How to create a short targeted yoga practice for energy management4
When we design a short yoga practice to manage our energy, breathing needs to be the focus of the practice. Breath is the most direct pathway we have to affect our physiological processes. That is why in the center of any energy-management short yoga practice is a Pranayama technique. However, Pranayama technique cannot pop out of nowhere in the middle of your practice – you need to plan for it ahead of time, and prepare both your breath and your body for the deep work of Pranayama. Here is a simple template for creating a short targeted yoga practice for energy management. Let’s use it to create a practice to build your energy up in the morning if you wake up groggy and unfocused.
Step 1: Decide which Pranayama technique you want to build your practice around. (We will be using Krama Inhale (segmented inhalation) which is very effective for building energy.)
Step 2: Reflect on what kind of body and breath preparation is required for this technique. What is the main feature of this technique? (In our case, Krama Inhale emphasizes inhalation. That is why we will prepare for it by focusing on deepening inhalation throughout the practice and increasing awareness of ribcage expansion on inhale. This will be our breath theme. We will use backbends and/or lateral bends to support the idea of expansion on inhalation and to increase Brhmana (energizing) effect.)
Step 3: Pick two core poses that will support the main feature of your chosen breathing technique. Keep the poses simple. (We will use kneeling Upward facing dog (a backbend) and kneeling Gate (a lateral bend.)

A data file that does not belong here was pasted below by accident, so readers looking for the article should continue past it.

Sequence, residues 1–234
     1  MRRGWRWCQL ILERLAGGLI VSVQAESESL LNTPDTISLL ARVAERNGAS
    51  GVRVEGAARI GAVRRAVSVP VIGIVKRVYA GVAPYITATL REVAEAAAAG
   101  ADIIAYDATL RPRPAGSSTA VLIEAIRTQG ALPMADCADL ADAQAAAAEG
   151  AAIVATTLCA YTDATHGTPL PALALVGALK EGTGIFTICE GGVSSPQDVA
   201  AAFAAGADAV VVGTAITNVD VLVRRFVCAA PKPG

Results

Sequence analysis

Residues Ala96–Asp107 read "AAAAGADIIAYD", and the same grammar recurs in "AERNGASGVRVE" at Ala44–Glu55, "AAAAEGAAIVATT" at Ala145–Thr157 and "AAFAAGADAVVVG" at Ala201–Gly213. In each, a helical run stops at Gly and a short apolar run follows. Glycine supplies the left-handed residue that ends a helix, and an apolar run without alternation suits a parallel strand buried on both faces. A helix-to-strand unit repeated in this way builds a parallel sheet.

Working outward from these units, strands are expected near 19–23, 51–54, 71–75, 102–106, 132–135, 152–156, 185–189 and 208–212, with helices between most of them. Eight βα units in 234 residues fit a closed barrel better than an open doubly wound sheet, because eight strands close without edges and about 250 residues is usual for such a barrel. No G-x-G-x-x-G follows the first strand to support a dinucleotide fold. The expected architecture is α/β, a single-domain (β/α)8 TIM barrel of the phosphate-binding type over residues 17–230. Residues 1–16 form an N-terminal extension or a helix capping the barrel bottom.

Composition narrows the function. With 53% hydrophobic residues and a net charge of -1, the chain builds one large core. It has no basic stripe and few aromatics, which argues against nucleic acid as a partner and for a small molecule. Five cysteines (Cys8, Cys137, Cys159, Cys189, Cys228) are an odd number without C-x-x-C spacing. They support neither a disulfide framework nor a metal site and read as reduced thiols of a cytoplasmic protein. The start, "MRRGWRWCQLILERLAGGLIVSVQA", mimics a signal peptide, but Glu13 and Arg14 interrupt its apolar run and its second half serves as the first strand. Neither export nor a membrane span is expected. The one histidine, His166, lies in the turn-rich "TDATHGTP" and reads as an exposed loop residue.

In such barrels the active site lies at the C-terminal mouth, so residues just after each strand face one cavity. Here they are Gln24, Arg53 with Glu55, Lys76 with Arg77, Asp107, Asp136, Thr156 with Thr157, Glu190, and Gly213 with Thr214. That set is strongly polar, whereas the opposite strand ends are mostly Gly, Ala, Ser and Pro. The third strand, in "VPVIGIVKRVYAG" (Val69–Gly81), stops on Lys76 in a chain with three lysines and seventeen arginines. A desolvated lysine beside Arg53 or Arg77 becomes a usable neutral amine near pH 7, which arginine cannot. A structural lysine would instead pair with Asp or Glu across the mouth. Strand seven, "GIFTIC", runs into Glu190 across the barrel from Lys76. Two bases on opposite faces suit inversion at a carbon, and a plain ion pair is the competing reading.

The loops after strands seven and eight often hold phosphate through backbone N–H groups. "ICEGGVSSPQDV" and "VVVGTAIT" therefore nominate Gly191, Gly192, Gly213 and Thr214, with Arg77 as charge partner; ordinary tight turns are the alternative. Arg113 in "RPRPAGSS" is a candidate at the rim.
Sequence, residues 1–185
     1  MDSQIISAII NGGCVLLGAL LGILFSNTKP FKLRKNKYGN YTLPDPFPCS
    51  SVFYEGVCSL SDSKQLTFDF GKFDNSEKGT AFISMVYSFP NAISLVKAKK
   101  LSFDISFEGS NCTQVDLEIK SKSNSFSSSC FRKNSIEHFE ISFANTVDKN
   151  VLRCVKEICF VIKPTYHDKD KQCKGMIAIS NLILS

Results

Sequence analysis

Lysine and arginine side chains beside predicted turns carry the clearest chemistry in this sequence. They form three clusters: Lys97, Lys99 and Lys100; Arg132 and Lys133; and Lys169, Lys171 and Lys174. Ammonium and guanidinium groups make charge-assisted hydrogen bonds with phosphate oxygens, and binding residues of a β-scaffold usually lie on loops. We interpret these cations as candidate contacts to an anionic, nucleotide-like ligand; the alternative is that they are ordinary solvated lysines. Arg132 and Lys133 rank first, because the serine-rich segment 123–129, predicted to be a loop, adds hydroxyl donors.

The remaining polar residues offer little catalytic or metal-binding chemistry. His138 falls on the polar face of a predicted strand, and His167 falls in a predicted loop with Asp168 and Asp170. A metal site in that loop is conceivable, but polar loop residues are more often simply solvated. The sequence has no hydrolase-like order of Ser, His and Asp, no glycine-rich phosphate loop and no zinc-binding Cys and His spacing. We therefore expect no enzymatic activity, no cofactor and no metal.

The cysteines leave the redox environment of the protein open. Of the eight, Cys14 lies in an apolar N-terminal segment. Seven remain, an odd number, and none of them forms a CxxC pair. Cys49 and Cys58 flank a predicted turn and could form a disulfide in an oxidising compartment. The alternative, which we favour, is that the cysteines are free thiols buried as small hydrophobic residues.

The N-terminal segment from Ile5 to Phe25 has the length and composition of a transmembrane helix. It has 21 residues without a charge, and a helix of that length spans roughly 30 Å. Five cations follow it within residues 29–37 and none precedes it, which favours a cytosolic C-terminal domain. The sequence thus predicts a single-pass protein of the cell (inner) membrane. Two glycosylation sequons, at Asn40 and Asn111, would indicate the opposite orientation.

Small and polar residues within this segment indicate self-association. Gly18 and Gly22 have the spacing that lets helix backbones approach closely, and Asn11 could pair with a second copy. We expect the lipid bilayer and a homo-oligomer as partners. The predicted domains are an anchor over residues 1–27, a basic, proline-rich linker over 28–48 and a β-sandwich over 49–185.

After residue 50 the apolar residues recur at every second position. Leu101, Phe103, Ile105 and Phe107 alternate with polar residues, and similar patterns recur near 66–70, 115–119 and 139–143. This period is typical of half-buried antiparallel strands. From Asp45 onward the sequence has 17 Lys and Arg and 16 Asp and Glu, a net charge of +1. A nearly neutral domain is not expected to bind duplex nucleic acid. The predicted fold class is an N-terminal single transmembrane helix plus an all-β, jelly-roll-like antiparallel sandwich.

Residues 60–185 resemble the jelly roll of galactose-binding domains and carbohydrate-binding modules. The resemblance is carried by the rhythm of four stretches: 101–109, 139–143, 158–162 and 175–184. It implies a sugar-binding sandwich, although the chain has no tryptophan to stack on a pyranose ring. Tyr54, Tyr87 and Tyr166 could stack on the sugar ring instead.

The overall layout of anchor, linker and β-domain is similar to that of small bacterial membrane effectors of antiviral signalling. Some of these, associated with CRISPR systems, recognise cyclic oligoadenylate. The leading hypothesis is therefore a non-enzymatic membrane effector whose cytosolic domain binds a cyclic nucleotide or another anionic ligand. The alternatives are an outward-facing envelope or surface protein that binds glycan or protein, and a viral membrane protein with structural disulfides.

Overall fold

Step 4: Pick two compensation poses for your core poses that can also be used to support the main feature of your breathing technique. (We will use Vajrasana and Balasana to compensate for the core poses and also to expand the sides of the ribcage (Vajrasana) and the upper back (Balasana).
Step 5: Pick a preparation pose to gently warm up the body. (We will use Cat-Cow pose and its lateral adaptation.)
Step 6. Decide on where you would like to start and to end your practice. Generally speaking, for breath-centered practice it is best to start and end in a comfortable sitting position (on the floor, bolster, blanket or chair) to establish connection to your breath at the beginning, and then to observe the effect of the practice at the end. If you choose other starting and /or ending positions, you need to have good reasons for it.
Step 7: Decide where will you add your breathing theme (from Step 2). It usually works best to introduce the theme at the very beginning in a comfortable sitting position, then sprinkle it throughout the practice in different poses, and then revisit it again right before you do your Pranayama. However, try NOT to manipulate your breath in every pose, especially if you are doing something more difficult – your breath will need time to recover. (We will sprinkle our breath theme throughout the practice alternating the deepening of inhalation with awareness of ribcage expansion. Since rib cage expansion is more of an awareness exercise, it will not be taxing for the breath.)
Your short target practice will look like this:
And that’s it! No need to get too intricate – every element you choose needs to support the dominant theme, which is your Pranayama technique. If you are short on time, you can do one core pose and one compensation pose instead of two. Just be sure that breath awareness needs to be present in everything you do. Next week we will feature a 20-minute energizing yoga practice based on this template that you can do whenever you experience a dip in your energy. Tune in!
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Thank you for such a great explanation. As you say there is no need to complicate the asana practice and detract from the focus on the breath. I can’t wait to try the sequence.
Thank you Helen!
I’m really excited to try this! Thanks for sharing the short yoga practice! 🙂
Yey, I cannot wait to hear how it goes Sarah!